Billions of Dollars "MIA" in Iraq

According to an auditors’ report to a House of Representatives committee overseeing work in Iraq, some $10,000,000,000 has been “squandered” by the U.S. government in the course of the war. As if the billions of dollars spent on the war wasn’t already a big enough waste, the audit found that contractor overcharges and unsupported expenses accounted for one in six dollars spent on the war so far! It also found that Defense and State department officials condoned or allowed repeated work delays, bloated expenses and payments for shoddy work or work never done.

This is all part of the “privatization” of the war, in which services formerly provided by the military itself are now contracted out. They do everything from providing security and interrogating prisoners to cooking and serving food, cleaning barracks, and fixing machinery. They do all of this with no oversight and no accountability. And as private corporations, the activities of mercenary companies like DynCorp and Blackwater Security are not subject government oversight or examination through the Freedom of Information Act.

Companies such as Halliburton, Kellogg-Brown-Root, and Bechtel – many of them with close ties to the government -  claim that competition between private companies for the contracts provides savings and efficiency. But the fact is, “no-bid” contracts are the norm – there is usually zero competition involved. Incredibly, these contracts often include built-in profits, a system called “cost-plus”.  In other words, the more they spend, the more profit they make!  Brilliant!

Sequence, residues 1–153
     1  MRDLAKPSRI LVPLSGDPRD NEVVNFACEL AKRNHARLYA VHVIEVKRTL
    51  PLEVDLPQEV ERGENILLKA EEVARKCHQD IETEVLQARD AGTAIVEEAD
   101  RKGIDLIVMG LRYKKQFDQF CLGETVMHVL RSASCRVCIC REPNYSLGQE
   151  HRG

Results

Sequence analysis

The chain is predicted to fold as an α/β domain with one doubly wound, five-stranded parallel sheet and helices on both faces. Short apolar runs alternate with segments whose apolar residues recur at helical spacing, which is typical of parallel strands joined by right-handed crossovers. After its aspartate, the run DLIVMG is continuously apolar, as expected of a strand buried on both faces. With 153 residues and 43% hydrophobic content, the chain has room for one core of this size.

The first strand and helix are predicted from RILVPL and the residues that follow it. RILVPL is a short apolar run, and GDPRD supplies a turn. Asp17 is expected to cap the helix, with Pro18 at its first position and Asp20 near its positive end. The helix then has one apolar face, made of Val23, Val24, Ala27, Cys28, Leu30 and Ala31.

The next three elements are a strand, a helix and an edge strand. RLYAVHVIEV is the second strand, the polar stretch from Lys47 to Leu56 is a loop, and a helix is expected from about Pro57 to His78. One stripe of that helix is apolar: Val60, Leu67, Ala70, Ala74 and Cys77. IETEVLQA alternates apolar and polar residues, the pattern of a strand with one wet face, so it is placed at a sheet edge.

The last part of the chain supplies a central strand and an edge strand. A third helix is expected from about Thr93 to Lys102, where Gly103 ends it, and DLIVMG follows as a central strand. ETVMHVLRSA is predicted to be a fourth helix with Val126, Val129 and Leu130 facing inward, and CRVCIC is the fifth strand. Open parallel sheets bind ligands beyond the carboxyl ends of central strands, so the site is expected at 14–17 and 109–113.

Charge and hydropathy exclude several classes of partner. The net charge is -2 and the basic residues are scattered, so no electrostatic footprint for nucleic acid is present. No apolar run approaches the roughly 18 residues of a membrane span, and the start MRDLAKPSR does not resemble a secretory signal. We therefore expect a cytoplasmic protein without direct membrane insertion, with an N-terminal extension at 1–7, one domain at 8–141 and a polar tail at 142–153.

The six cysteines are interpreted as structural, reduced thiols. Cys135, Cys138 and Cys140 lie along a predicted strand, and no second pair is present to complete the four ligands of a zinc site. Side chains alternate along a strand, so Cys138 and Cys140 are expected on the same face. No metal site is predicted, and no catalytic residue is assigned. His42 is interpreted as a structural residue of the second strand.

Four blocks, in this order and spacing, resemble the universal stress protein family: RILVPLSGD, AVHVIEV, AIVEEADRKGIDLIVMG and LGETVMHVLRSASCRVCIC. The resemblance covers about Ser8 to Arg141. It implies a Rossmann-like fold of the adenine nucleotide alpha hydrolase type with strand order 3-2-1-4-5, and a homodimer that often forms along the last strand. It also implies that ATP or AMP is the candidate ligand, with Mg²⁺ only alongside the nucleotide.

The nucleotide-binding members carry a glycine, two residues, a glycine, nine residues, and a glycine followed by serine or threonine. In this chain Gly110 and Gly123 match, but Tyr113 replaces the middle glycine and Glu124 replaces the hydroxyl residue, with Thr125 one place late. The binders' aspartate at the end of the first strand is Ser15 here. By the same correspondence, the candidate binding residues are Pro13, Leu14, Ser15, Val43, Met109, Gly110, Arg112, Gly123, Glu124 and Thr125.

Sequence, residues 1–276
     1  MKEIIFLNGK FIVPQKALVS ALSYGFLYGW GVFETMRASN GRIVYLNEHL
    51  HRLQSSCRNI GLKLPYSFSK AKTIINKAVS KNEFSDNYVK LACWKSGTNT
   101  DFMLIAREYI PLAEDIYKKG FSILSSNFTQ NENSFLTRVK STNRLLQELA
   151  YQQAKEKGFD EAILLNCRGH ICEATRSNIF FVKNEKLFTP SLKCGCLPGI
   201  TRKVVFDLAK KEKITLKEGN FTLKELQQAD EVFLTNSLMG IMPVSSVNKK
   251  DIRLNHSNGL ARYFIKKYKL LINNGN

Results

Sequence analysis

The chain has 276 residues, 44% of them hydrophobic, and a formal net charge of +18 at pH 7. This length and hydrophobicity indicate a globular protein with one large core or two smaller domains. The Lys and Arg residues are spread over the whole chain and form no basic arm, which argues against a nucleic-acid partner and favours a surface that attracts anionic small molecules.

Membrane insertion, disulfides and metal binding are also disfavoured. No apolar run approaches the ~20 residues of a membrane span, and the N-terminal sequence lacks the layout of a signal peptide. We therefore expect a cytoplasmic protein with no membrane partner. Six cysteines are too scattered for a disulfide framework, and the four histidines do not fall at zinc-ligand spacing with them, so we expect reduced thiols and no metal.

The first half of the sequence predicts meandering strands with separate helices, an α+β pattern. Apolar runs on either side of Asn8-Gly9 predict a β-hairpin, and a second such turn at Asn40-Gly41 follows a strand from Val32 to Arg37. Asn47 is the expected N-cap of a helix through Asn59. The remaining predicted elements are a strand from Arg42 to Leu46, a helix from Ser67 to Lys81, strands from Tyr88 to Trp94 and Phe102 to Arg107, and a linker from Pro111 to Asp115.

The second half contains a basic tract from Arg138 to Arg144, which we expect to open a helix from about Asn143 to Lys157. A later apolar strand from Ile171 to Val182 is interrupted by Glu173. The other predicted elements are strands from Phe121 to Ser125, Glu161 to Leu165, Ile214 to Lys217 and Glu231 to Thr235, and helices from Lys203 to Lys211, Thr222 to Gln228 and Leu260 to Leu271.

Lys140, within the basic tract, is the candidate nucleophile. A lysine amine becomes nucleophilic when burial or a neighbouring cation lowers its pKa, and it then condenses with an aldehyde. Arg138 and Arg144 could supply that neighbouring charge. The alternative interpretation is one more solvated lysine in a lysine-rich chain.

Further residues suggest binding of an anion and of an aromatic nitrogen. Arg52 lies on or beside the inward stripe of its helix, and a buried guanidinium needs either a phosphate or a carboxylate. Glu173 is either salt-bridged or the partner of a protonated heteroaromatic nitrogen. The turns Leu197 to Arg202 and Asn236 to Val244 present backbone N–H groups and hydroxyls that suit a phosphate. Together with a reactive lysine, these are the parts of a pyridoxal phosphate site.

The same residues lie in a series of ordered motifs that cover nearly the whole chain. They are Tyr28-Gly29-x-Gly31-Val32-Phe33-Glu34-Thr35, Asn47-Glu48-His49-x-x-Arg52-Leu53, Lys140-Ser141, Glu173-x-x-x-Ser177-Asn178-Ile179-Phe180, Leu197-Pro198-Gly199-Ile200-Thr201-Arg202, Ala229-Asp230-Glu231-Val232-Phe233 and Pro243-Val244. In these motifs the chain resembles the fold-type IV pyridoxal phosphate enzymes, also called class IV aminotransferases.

Since 2001, the use of private contractors has doubled to about $400 billion a year in 2006. It’s no accident that the top 20 service contractors have spent nearly $300 million since 2000 on lobbying and have donated some $23 million to political campaigns of both parties. Waging war is big business and having friends in government sure doesn’t hurt!

The use of contractors borders on the absurd. According to the New York Times, last June, the General Services Administration (GSA), an independent agency of the U.S. government that helps manage and support the basic functioning of federal agencies, was short of employees to review cases of incompetence and fraud by federal contractors.  The solution? Hire a private contractor to do the investigation!  The cost? Six people were each paid more than $104 an hour- that’s more than $200,000 per person per year.

This is just “business as usual” under capitalism!

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